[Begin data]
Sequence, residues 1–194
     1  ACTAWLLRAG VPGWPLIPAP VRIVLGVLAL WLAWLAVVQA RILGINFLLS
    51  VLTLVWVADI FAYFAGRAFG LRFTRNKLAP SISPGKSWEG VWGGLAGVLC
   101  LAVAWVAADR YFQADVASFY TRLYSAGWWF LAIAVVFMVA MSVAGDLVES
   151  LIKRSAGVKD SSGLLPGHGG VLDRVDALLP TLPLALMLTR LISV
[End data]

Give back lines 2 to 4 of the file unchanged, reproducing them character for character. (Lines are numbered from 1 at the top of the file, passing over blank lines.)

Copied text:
     1  ACTAWLLRAG VPGWPLIPAP VRIVLGVLAL WLAWLAVVQA RILGINFLLS
    51  VLTLVWVADI FAYFAGRAFG LRFTRNKLAP SISPGKSWEG VWGGLAGVLC
   101  LAVAWVAADR YFQADVASFY TRLYSAGWWF LAIAVVFMVA MSVAGDLVES